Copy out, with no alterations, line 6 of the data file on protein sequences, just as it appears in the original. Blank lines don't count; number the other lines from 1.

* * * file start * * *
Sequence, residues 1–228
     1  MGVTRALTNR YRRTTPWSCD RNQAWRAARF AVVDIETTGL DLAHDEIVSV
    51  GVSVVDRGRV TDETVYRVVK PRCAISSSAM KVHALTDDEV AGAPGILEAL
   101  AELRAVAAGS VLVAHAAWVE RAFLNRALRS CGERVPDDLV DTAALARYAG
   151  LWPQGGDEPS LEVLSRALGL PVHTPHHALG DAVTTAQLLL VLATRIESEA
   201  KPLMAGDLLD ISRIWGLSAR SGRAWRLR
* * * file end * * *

   201  KPLMAGDLLD ISRIWGLSAR SGRAWRLR